As one of the world's busiest container ports, Hong Kong is responsible for many of the rusting hulks that end up on the beaches of Bangladesh and South Asia. Chief Executive Donald Tsang Yam-kuen pointed out in his opening address to the conference on Monday that Hong Kong's shipping register is over 40 million gross tonnes, making it one of the world's top five.
'Our shipowners own, manage or operate more than 1,500 vessels, representing over 9 per cent of the world's merchant fleet in terms of deadweight tonnage,' Mr Tsang said.
That stake, according to Mr Puckett, should place a particular burden on Hong Kong shipowners to support an end to beaching, especially as Beijing has already prohibited the use of beaches for breaking up ships. On the mainland, dismantling of ships is limited to docksides in places like Shanghai and the Pearl River Delta where cranes can be used and vessels dismantled in more controlled conditions.
'Hong Kong shipowners have got to take the high road here,' Mr Puckett said. 'The days of cheap and dirty dumping have got to stop. The owners who are more responsible should look to the greener yards, get off the beaches and do it quickly.
'It is illegal to do this in China, so the double standard of having Chinese ships moving to other places in the world where they can do it on the backs of some of the poorest and most desperate labourers in the world is absolutely not appropriate.'
What is appropriate and what is pragmatic are not necessarily the same thing, however, as IMO secretary general Efthimios Mitropoulos made clear to delegates at this week's meeting before the appeal from the pressure groups to ban beaching was roundly rejected.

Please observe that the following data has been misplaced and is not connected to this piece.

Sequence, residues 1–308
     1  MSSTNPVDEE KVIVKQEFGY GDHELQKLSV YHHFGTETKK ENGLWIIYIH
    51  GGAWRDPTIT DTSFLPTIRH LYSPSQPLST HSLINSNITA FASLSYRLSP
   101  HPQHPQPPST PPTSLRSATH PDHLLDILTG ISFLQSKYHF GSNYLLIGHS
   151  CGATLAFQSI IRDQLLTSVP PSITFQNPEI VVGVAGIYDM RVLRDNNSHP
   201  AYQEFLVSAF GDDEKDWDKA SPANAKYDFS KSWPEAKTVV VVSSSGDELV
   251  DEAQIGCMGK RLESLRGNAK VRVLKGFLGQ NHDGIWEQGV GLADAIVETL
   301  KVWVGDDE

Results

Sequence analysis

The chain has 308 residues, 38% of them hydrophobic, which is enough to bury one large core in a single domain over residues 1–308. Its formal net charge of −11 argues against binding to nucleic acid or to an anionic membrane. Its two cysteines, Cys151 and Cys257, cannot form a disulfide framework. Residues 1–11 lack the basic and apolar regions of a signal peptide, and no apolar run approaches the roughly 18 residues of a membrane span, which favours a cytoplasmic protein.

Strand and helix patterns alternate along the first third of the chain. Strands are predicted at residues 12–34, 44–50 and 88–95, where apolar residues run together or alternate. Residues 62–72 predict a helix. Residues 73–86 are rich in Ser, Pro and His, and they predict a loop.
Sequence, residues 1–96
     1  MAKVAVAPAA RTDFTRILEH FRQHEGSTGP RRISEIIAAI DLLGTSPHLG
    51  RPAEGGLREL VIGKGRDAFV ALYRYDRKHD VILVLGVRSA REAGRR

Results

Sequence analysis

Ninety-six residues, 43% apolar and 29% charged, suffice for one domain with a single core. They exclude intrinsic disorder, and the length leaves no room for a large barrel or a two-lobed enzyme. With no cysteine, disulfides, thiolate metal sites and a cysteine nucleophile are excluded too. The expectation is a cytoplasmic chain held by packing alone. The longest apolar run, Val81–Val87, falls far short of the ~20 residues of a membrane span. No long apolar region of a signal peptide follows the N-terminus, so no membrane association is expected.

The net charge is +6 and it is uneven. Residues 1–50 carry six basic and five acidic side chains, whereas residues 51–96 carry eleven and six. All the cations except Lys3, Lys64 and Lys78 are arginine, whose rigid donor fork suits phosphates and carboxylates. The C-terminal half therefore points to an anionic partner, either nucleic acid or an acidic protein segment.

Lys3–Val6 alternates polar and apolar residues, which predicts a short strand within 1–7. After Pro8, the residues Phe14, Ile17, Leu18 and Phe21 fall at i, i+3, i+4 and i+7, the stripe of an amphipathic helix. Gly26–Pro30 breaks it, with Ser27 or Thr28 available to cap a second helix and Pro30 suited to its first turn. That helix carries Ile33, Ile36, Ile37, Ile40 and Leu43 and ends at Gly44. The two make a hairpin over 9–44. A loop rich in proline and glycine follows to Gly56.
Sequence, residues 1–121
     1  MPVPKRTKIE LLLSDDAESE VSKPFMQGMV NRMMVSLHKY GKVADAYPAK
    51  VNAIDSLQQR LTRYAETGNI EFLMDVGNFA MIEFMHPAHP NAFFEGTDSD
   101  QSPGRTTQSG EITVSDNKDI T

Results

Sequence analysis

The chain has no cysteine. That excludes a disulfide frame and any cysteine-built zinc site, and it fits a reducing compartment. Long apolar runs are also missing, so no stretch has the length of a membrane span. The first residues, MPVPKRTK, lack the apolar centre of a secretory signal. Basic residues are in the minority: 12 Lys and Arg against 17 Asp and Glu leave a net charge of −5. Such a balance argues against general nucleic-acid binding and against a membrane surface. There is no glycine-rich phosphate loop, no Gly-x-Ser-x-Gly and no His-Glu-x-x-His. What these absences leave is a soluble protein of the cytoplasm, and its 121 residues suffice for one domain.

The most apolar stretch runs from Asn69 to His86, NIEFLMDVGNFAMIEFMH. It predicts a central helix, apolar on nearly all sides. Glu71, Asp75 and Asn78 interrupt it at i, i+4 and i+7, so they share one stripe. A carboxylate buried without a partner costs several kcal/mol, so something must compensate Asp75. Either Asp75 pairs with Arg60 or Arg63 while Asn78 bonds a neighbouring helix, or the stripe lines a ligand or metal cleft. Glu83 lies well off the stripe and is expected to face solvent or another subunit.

'I consider it incumbent on all of us to exercise prudence by balancing safety and environmental concerns with the commercial requirements of seaborne trade,' he said. 'We should be guided by pragmatism so that the operational efficiency, on which ship recycling facilities rely, is not unduly compromised. I am convinced that the draft convention before you has all the necessary ingredients to strike the right balance.'
The recycling of ships, in other words, is big business. This year, with the economic downturn meaning more older vessels are being taken out of service, some 1,000 ships are expected to be decommissioned and sent to shipyards to be broken up - around twice as many as last year.
If the new convention went so far as to ban beaching altogether, Mr Mitropoulos warned, there was a danger that it would not be supported by countries like India, Pakistan and Bangladesh.
'You might want to ask those countries with major ship-recycling industries whether they would adopt, or become party to, a convention that specially banned beaching,' he suggested. 'And then consider what would be the value of a convention to which those states were not party? That, I think, is very much at the heart of the matter.'
Under the convention, ships sent for recycling must carry an inventory of hazardous materials and be surveyed before recycling. Shipyards will be required to provide a recycling plan detailing how each ship will be stripped down.
As far as Mr Puckett and his fellow protesters are concerned, it has been a frustrating week.
'We feel like the child who points out that the emperor has no clothes. Everyone knows this is wrong, but we are the only ones who can state the obvious that it is not acceptable to use a beach. There is no way you can protect workers on a beach. You can't bring in ambulances or fire engines, you can't bring in cranes to lift the heavy materials to rescue people and you can't contain the contamination - it goes straight out to sea,' he said. 'This convention is going to put a green gloss over these business practices which really go back to another century. The idea that you can run ships onto an ocean beach and start breaking them open is just insane.'
For the family of Sultan Nasiruddin Molla, the political bickering in Hong Kong is little more than a faraway postscript to a life cut cruelly short. And on the oil-stained sands of Chittagong where Sultan met his death, bands of young workers continue to follow in his footsteps, wading through the sludge to seek out work that is brutal and life-threatening - but still desperately wanted.